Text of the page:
Andrew has worked in the University of Texas at San Antonio’s Department of Campus Recreation since 2011. He began as the Assistant Director of Intramural Sports before gaining further oversight of club sports and the UTSA Recreational Field Complex. In 2018, Andrew was promoted to Senior Associate Director of Programs and Assessment and currently oversees three program areas: Sport Programs, Fitness & Wellness, and Outdoor Pursuits. As the Assessment lead, Andrew is responsible for collecting and analyzing data that the department can use to tell its story and demonstrate the value of collegiate recreation to the broader campus community. These experiences have given him a greater appreciation for the power that collegiate recreation can have. Andrew earned his undergraduate degree at Florida State University and his graduate degree from Texas A&M University.
Andrew has been a NIRSA member since 2009 and has served the Association in a variety of ways. He currently serves on the NIRSA Government Affairs Committee and NIRSA Championship Series Assessment Committee, along with his role as the State Leader for Texas. Andrew has volunteered at many regional and national extramural events, including three years as the Co-Director of Officials at the Region IV Basketball Tournament. He has also presented at the Annual Conference (2014, 2016, and again in 2020!), the Region IV Conference (2014 & 2019), and the Intramural Sports Institute (2016).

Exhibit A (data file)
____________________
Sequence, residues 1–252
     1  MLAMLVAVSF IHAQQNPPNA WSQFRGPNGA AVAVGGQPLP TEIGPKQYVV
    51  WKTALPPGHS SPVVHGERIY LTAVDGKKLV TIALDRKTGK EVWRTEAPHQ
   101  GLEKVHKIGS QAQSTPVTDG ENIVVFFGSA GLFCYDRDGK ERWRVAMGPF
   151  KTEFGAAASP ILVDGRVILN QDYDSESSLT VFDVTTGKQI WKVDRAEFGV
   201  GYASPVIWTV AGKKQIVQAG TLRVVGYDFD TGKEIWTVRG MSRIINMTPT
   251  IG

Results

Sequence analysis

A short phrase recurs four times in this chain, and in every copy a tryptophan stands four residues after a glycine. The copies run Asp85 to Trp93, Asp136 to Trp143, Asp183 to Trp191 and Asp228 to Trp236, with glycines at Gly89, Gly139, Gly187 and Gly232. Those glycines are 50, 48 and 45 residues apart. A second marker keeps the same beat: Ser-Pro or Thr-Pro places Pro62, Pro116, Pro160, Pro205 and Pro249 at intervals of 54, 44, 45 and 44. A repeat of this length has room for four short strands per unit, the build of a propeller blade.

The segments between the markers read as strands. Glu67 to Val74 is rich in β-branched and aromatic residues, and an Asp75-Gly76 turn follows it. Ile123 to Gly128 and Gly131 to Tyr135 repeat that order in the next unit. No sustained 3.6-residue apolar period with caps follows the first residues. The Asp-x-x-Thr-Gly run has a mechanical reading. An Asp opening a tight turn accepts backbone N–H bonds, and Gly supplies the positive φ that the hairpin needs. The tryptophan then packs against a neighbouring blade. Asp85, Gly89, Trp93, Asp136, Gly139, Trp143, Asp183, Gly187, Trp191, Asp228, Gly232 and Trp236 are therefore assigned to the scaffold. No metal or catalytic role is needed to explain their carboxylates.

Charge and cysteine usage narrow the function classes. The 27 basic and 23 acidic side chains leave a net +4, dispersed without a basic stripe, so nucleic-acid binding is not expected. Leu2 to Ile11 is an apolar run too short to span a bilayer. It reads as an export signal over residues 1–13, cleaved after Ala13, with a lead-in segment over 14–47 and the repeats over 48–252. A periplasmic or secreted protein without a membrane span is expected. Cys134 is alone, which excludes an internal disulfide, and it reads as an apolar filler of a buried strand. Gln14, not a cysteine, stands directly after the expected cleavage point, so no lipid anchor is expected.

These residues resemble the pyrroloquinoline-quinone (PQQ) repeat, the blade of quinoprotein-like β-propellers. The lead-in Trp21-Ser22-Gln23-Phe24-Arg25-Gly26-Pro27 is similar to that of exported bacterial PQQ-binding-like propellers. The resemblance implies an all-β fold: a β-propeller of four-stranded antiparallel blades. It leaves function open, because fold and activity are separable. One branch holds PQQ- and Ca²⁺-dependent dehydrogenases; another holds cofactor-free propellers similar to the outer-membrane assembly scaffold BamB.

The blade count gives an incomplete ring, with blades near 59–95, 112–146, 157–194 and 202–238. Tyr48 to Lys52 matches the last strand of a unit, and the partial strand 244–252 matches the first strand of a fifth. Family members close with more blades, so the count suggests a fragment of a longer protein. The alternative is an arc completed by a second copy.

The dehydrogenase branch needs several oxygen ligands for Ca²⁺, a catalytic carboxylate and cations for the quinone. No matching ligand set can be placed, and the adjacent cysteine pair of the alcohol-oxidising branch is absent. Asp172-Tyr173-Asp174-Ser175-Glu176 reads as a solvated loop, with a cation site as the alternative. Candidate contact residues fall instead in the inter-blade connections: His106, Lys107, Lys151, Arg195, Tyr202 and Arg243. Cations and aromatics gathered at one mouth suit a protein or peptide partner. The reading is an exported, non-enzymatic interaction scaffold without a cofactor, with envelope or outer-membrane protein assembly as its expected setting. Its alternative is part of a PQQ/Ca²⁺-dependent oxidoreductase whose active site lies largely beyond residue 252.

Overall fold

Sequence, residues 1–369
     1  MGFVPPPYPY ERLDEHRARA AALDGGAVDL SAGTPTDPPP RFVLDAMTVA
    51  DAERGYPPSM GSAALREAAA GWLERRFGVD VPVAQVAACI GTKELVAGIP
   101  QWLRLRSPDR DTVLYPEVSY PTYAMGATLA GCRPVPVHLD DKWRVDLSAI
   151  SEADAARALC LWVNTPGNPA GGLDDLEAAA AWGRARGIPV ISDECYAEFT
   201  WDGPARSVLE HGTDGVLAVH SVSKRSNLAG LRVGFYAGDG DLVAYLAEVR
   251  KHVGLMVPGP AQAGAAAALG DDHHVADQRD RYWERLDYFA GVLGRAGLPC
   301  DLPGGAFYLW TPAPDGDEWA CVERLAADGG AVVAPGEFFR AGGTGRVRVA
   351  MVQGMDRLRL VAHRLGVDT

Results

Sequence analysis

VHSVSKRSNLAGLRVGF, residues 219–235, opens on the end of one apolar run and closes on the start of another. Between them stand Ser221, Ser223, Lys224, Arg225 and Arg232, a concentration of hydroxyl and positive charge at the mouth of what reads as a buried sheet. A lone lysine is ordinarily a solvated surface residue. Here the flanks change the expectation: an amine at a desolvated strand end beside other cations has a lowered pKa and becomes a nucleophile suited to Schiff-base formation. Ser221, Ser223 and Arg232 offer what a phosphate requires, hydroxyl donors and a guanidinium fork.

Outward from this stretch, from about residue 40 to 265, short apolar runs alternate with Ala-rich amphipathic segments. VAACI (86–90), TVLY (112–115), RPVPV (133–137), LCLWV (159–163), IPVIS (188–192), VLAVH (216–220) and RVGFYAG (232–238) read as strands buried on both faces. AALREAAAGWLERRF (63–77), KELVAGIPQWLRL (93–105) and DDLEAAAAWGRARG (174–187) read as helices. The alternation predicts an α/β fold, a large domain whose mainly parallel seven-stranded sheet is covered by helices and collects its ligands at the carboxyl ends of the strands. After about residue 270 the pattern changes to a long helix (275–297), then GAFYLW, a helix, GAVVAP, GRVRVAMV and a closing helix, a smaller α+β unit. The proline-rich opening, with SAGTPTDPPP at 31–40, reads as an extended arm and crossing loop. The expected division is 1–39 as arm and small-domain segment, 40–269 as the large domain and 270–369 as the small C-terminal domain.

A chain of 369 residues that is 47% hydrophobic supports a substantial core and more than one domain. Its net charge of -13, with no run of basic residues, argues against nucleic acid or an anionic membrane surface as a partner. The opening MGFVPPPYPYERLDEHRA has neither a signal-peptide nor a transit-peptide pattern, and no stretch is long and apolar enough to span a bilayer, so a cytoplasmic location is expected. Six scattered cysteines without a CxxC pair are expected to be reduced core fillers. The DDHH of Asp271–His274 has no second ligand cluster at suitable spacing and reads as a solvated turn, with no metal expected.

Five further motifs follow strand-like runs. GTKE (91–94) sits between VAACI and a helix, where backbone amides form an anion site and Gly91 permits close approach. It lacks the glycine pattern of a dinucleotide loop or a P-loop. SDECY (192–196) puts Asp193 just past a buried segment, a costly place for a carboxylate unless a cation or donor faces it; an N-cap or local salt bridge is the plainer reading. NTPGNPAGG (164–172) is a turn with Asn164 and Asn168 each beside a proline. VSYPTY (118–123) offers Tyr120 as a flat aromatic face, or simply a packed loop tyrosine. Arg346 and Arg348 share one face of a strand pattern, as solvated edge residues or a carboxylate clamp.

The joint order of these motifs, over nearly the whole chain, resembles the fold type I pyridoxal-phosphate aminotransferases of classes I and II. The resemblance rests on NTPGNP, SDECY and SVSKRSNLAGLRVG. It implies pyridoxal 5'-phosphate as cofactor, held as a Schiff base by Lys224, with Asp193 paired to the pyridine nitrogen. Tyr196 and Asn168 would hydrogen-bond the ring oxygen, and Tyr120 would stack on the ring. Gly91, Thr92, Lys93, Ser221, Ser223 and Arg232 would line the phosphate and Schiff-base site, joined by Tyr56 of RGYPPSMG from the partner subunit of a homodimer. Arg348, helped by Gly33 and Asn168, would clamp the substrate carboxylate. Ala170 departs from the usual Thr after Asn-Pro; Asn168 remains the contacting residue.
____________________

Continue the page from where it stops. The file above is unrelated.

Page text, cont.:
Andrew lives in Helotes, TX with his wife Megan, daughter Madelyn, and his four-legged daughter, Hattie. He loves to travel and quote lines from his favorite television shows “Seinfeld” and “The Office.”
What do you see as opportunities in collegiate recreation and our Association? How would you collaborate with the Member Network team to address these issues?
The passion and power of our members provide the Association with our greatest opportunities. NIRSA is a member-driven organization—without contributions from our membership, the organization would not be able to survive. Our members are innovative, student focused, and driven. I believe these qualities are important when tackling two current issues that I see within the field.
While NIRSA has created various conferences and workshops for its members to attend, budgets around the country are being squeezed. The registration fees for these events can be prohibitive and while I am not advocating for a reduction in price, I do think the Member Network can work together to address potential resolutions to this issue.